More feel better about financial situations, but notable differences remain, Fed study finds

Report also looks at impact of opioid crisis on local economies

More American adults were feeling better about their financial situations in 2017 – about three in every four – than in 2013, but significant differences remain across race, ethnicity and education groups, according to a new report issued by the Federal Reserve Tuesday, which also looked at the relationship between the opioid crisis and local economies.

The report (“Report on the Economic Well-Being of U.S. Households”) is based on the Fed’s annual Survey of Household Economics and Decisionmaking (SHED), conducted among 12,000 people in November and December of last year. The survey examines the economic well-being and financial lives of Americans and their families; it was first conducted in 2013 to measure the recovery from the 2007-09 Great Recession.

“This year’s survey finds that rising levels of employment are translating into improved financial conditions for many but not all Americans, with one-third now reporting they are living comfortably and another 40% reporting they are doing OK financially,” said Federal Reserve Board Gov. Lael Brainard in a release. “Even with the improvement in financial outlook, however, 40% still say they cannot cover a $400 emergency expense, or would do so by borrowing or selling something.”

Brainard also said that the Fed, through the survey, learned that about one in five adults know someone with addiction to opioids or painkillers; whites are about twice as likely to have such exposure as blacks and Hispanics; and exposure does not vary much by education level or by local economic conditions.

Additionally, according to the Fed, the survey showed that more than half of adults exposed to opioid addiction say that their local economy is good or excellent, suggesting a role for factors beyond economic conditions in understanding the crisis.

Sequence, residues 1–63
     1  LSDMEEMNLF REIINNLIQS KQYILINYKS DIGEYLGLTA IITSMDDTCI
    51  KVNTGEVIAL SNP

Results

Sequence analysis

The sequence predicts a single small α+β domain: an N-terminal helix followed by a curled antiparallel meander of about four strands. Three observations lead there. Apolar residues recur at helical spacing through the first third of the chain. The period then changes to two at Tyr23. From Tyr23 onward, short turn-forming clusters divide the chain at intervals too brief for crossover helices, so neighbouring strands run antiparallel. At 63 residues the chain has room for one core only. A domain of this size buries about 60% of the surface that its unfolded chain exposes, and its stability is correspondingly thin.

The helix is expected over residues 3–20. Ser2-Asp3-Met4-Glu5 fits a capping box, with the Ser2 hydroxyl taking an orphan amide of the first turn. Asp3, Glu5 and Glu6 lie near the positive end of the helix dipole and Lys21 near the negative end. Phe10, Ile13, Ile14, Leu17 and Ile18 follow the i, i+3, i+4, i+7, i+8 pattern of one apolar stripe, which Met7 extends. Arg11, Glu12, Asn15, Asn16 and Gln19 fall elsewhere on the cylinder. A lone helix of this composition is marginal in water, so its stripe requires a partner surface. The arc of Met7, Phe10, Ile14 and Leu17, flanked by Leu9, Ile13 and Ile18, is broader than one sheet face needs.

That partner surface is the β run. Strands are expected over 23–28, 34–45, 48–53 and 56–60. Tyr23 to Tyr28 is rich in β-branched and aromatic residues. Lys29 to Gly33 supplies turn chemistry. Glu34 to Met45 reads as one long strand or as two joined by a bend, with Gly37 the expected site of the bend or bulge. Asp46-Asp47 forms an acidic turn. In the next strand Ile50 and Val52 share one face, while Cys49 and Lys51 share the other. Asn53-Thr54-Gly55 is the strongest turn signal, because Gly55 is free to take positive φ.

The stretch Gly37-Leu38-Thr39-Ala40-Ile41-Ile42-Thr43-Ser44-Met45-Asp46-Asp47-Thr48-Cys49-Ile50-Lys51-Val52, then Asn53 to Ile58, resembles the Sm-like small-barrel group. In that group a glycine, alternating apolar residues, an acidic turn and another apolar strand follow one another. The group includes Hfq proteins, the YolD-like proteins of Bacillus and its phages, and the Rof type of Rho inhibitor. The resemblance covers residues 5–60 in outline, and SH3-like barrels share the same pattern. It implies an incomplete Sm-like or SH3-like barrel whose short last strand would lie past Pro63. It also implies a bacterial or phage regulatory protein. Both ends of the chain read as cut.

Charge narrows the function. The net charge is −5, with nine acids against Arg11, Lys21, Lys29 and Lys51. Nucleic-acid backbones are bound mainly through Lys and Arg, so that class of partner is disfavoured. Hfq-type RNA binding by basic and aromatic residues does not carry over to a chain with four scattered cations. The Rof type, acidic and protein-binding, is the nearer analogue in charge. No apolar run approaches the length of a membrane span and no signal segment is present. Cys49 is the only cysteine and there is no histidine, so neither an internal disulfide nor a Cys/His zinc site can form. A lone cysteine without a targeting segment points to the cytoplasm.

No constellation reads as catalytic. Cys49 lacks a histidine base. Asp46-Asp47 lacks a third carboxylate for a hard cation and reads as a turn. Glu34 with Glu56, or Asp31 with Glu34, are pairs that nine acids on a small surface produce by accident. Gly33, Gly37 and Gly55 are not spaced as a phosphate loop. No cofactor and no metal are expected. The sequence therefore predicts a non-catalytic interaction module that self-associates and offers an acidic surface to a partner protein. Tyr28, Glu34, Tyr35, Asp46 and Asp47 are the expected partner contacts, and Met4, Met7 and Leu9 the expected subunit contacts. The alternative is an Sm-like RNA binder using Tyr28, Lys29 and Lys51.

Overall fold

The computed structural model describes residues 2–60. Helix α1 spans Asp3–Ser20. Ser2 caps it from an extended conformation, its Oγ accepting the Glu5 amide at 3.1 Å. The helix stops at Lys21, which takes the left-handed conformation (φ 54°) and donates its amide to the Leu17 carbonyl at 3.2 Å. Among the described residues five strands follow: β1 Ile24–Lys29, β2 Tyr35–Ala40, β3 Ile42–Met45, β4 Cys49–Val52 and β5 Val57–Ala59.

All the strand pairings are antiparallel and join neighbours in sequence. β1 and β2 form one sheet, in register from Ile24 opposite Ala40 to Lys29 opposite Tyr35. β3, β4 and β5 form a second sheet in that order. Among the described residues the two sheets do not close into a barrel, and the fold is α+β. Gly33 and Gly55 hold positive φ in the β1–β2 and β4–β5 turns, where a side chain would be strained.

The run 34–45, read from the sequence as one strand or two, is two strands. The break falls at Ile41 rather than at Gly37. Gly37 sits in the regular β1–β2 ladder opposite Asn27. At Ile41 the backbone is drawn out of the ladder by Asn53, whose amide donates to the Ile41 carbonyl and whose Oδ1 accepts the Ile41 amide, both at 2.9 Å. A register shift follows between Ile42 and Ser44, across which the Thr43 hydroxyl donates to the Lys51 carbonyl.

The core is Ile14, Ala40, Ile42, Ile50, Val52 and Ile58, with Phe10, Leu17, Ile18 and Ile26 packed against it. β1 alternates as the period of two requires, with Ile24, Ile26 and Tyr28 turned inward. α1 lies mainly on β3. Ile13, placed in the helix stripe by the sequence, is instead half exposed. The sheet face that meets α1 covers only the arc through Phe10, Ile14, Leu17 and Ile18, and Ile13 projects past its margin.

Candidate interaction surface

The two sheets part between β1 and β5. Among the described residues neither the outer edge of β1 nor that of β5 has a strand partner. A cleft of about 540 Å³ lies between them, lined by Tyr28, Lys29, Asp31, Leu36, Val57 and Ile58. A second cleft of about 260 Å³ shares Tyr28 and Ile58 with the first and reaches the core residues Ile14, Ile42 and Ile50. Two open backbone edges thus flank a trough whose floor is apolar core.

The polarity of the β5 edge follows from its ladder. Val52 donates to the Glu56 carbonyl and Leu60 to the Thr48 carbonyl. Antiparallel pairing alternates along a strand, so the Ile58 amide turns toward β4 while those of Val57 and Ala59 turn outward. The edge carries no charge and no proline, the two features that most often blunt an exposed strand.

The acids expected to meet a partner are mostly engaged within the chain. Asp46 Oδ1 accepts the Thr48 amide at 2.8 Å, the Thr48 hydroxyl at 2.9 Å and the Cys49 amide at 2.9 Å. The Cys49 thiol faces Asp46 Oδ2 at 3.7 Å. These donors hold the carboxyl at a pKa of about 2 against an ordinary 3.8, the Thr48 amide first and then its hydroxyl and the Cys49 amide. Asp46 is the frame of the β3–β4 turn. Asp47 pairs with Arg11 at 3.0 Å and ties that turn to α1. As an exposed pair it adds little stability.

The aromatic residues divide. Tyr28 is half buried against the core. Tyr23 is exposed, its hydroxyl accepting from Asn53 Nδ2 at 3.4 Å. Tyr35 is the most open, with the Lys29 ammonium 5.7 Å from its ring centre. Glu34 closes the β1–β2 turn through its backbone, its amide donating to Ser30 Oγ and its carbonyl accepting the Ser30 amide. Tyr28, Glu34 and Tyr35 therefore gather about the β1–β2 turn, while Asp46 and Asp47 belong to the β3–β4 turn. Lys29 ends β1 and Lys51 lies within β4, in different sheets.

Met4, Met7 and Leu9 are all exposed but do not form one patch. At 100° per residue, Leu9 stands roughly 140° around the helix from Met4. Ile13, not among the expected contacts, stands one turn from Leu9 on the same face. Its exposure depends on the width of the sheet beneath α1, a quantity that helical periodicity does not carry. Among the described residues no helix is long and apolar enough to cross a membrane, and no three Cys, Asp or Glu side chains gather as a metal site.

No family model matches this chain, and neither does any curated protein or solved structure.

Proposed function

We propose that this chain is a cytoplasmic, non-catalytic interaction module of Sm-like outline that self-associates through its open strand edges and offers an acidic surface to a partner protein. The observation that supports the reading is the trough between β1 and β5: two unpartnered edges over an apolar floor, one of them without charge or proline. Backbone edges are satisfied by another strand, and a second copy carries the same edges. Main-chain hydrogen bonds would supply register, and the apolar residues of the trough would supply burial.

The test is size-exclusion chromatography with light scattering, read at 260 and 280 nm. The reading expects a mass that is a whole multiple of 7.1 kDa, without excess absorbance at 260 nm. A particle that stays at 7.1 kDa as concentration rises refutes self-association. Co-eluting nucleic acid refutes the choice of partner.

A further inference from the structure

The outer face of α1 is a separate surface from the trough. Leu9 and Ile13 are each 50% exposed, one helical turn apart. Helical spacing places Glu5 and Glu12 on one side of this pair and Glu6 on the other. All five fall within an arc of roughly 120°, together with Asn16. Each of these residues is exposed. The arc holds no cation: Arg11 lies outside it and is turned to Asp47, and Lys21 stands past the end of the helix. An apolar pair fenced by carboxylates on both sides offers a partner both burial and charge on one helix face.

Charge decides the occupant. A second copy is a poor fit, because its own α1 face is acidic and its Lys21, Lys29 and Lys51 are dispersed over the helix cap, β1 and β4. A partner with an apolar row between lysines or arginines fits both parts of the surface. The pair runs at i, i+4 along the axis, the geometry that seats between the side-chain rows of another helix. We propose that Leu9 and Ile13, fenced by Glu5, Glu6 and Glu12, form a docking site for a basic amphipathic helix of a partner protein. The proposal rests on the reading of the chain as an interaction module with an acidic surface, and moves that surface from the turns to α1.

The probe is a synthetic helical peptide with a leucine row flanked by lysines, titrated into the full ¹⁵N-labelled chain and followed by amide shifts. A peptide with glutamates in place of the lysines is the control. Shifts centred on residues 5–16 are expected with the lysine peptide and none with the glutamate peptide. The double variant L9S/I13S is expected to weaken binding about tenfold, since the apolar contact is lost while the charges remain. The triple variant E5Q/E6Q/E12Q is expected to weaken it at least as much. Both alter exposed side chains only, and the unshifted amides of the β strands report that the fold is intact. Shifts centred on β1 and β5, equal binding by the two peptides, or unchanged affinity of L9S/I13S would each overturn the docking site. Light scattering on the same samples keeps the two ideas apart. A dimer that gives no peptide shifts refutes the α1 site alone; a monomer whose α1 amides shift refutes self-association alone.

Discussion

Other key results of the survey, the Fed said, included:

  • Individuals of all education levels, races, and ethnicities have shared in the economic expansion over the past five years, although reported well-being remains lower for racial and ethnic minorities and those with less educational attainment.
  • Most workers are satisfied with the wages and benefits from their current job and are optimistic about their future job opportunities. Even so, challenges including irregular job scheduling remain. One in six workers have irregular work schedules that they did not request, and one in 10 receive their work schedule less than a week in advance.
  • Many adults are struggling to save for retirement, and less than two-fifths believe that they are on track with their savings. While preparedness for retirement increases with age, concerns about inadequate savings are still common for those nearing retirement.
  • Four in 10 adults, if faced with an unexpected expense of $400, would either not be able to cover it or would cover it by selling something or borrowing money. This is an improvement from half of adults in 2013 being ill-prepared for such an expense.

The Fed said that survey data files from the report are available for download and that the report, downloadable data, and a video summarizing the survey’s findings are posted on the Fed’s website.

Federal Reserve Board issues Report on the Economic Well-Being of U.S. Households